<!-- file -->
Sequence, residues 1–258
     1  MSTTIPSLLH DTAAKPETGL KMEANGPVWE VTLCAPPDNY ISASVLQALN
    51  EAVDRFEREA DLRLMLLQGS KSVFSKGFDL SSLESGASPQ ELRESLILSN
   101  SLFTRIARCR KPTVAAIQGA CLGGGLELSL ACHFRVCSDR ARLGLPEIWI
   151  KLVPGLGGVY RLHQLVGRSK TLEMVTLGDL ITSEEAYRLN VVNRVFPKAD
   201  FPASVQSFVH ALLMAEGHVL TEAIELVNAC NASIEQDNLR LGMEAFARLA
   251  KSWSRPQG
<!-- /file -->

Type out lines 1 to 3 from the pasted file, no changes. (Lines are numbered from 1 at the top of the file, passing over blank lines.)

Sequence, residues 1–258
     1  MSTTIPSLLH DTAAKPETGL KMEANGPVWE VTLCAPPDNY ISASVLQALN
    51  EAVDRFEREA DLRLMLLQGS KSVFSKGFDL SSLESGASPQ ELRESLILSN